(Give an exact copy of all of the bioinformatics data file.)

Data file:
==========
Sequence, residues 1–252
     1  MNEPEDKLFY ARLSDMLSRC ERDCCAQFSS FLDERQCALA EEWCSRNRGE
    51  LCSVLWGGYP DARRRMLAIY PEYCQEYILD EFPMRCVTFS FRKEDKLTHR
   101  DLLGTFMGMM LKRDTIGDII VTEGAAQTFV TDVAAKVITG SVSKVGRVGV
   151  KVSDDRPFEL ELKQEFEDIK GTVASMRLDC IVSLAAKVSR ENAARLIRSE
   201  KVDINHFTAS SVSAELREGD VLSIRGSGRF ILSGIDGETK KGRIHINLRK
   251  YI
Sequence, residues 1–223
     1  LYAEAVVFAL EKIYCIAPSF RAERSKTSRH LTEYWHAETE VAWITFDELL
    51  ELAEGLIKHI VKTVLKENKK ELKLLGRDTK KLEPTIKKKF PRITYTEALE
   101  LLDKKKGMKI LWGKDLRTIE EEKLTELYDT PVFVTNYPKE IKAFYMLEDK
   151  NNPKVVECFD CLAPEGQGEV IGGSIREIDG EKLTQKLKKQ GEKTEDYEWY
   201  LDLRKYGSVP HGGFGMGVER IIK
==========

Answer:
Sequence, residues 1–252
     1  MNEPEDKLFY ARLSDMLSRC ERDCCAQFSS FLDERQCALA EEWCSRNRGE
    51  LCSVLWGGYP DARRRMLAIY PEYCQEYILD EFPMRCVTFS FRKEDKLTHR
   101  DLLGTFMGMM LKRDTIGDII VTEGAAQTFV TDVAAKVITG SVSKVGRVGV
   151  KVSDDRPFEL ELKQEFEDIK GTVASMRLDC IVSLAAKVSR ENAARLIRSE
   201  KVDINHFTAS SVSAELREGD VLSIRGSGRF ILSGIDGETK KGRIHINLRK
   251  YI
Sequence, residues 1–223
     1  LYAEAVVFAL EKIYCIAPSF RAERSKTSRH LTEYWHAETE VAWITFDELL
    51  ELAEGLIKHI VKTVLKENKK ELKLLGRDTK KLEPTIKKKF PRITYTEALE
   101  LLDKKKGMKI LWGKDLRTIE EEKLTELYDT PVFVTNYPKE IKAFYMLEDK
   151  NNPKVVECFD CLAPEGQGEV IGGSIREIDG EKLTQKLKKQ GEKTEDYEWY
   201  LDLRKYGSVP HGGFGMGVER IIK